It was while studying in UCC that Talty’s interests broadened from concertina: ‘That’s where my interest in audio engineering came from. Any musician who dabbles in engineering … is going to venture into production…. I’d have to say that UCC did give me a platform where I could explore different sides of being a musician and not think that the sides are contradictory.’
As someone with a diverse engagement with traditional Irish music, he can see how vibrant the current scene is.
I look at it positively, and I acknowledge that I am looking at it optimistically. … I see people like Aidan Connolly reinventing and reinterpreting the likes of Paddy Cronin, and doing it so amazingly … Liam O’Connor playing the music that he can play… the epitome of excellence in any field … how could you ever think that traditional music can ever be in any danger? [Traditional music] is a very diverse practice now and that doesn’t bother me.
At the same time, the core tradition is what is most important to Talty, and he can understand why there has often been caution in traditional music culture.
What… is important to say about previous generations who feared about the health and sustainability of traditional music … [is that] they lived through a different time. If we’re being fair about it… they were very passionate people and were justified in the protectionism that they had around traditional music, because it wasn’t popular. They had to fight for things that I never had to fight for.
People are right to always be vigilant .. I don’t mean to dismiss the very genuine fears that people would have about the traditional arts today. They’re genuine concerns, but I’m saying that as a person, as a musician, my personal perspective is that I’m not always worried about that. I love playing music. I know how strong and healthy it is … I don’t need everybody to love our traditional music today for me to know how great it is.
For the upcoming fourteen-date tour, as well as performing traditional repertoire, Talty and each of the three musicians – Galician piper Anxo Lorenzo, fiddle-player Dónal O’Connor and guitarist Jim Murray – have been commissioned by Music Network to write a piece of music that together will make up a fifteen-minute suite. ‘I think it worked out really well. We wrote the tunes in isolation … and then we got together in Dublin during our rehearsal … and had a lot of fun putting arrangements on it.’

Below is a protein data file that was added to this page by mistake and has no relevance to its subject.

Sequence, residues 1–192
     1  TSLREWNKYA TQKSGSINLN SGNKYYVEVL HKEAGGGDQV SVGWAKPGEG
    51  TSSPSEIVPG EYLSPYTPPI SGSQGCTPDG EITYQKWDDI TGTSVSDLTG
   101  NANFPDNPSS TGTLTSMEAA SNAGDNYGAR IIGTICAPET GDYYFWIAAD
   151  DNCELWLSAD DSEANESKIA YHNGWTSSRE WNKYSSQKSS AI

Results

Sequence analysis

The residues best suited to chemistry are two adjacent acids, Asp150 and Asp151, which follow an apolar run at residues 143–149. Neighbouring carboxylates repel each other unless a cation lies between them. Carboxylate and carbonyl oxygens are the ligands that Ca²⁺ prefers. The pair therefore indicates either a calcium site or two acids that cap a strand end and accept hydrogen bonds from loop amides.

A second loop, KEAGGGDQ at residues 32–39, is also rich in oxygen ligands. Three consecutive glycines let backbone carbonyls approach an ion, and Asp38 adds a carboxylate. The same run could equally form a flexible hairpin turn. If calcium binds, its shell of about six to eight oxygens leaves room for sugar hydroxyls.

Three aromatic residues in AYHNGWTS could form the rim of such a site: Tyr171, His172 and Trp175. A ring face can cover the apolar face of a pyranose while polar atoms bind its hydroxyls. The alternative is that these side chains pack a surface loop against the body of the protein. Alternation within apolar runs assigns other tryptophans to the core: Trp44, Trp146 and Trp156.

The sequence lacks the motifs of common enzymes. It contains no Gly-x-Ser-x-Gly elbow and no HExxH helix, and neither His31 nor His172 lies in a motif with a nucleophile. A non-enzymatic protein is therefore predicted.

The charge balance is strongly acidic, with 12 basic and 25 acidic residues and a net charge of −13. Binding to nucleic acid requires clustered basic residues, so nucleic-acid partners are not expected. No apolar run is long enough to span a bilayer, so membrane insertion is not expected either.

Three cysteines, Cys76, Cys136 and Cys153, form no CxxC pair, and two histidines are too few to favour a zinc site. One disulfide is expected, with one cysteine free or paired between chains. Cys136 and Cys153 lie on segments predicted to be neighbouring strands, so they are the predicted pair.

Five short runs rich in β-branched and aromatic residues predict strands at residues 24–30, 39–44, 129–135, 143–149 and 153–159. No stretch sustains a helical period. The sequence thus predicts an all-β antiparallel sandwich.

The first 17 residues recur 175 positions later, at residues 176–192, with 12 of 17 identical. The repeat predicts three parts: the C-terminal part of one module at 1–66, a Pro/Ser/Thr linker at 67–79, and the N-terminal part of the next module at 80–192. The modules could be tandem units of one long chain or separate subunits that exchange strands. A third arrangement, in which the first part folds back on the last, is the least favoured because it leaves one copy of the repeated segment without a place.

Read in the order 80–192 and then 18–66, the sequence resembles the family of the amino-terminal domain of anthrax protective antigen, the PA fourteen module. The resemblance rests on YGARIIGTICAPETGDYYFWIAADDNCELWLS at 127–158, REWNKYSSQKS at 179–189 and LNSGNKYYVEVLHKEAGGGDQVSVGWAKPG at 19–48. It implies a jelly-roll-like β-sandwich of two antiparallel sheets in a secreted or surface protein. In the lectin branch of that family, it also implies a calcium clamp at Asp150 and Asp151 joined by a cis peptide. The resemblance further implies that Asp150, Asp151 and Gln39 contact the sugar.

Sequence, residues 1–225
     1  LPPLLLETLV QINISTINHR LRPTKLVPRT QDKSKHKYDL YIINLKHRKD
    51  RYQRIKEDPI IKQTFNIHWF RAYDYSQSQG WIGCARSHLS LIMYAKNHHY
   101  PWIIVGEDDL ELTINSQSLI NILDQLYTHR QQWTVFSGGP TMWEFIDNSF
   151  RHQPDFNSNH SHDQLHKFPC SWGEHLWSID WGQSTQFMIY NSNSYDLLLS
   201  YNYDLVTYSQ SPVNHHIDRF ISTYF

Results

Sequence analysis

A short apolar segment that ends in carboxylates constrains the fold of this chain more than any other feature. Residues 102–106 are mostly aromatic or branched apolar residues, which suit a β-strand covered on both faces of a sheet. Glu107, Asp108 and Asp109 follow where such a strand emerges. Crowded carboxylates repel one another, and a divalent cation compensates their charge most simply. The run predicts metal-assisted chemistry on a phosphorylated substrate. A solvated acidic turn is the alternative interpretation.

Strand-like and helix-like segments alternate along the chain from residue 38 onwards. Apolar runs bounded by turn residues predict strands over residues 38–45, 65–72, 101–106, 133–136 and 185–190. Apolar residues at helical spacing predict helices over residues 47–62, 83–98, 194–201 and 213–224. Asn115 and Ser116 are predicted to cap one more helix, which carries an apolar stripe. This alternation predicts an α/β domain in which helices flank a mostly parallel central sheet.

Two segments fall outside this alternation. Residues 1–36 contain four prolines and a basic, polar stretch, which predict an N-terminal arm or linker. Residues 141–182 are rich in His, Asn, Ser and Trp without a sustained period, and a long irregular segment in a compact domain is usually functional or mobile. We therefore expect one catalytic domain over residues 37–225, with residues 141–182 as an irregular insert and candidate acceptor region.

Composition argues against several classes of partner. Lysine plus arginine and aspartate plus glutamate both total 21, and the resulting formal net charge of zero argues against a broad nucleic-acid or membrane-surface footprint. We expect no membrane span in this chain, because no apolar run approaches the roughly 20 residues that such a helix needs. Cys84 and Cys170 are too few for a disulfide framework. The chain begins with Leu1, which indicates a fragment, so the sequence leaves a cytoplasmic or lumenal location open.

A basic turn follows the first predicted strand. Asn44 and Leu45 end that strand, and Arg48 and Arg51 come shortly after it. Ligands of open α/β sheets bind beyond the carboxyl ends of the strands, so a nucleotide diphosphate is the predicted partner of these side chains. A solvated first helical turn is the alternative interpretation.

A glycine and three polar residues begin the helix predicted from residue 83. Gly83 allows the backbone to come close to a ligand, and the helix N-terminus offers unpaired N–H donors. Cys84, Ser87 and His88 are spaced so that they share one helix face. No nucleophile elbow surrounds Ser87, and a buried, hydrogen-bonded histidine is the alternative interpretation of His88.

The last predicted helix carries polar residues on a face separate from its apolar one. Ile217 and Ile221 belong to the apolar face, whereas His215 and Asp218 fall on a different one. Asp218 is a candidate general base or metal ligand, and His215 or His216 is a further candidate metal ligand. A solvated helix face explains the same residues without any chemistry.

All the music on this tour will be instrumentals but nonetheless diverse. Lorenzo plays the gaita bagpipes, common to Galicia, northern Spain and Portugal, and is known for his virtuosic performances; fiddle-player Dónal O’Connor from County Louth is well established as a soloist and producer and for playing with innovative groups such as Ulaid and At First Light. Jim Murray from Cork is a widely regarded accompanist and has performed extensively with Sharon Shannon for two decades.
The tour will also feature a mix of instruments in different pitches: ‘Anxo has a lovely set of B pipes and we’ll be playing a set together on B concertina and B pipes… It’ll be a mixture of different keys, different instruments, different traditions… a way of sharing what we have.’
The new compositions will be just one interesting aspect of the tour, but Talty suggests composition is something that is natural in playing traditional music.
For anybody who loves traditional music, your curiosity at some stage will get you to compose, even if it’s in secret…. In my experience, and chatting with friends, I think it’s something that everybody tries at some stage and then sometimes they escape into the public domain, and sometimes they don’t. …It’s something I’ve done for a while, just out of curiosity…
The Music Network tour by Jack Talty, Anxo Lorenzo, Dónal O’Connor and Jim Murray begins on 14 January in Dublin and then travels to Newbridge (15th), Castlebar (16th), Clifden (17th), Drogheda (18th), Dún Laoghaire (19th), Letterkenny (20th), Ennis (21st), Cork (22nd), Bray (23rd), Wexford (24th), Baile Mhúirne (25th), Birr (26th) and London (30th). For full details and tickets, visit https://www.musicnetwork.ie/
The preview is supported by Music Network.
Published on 7 January 2020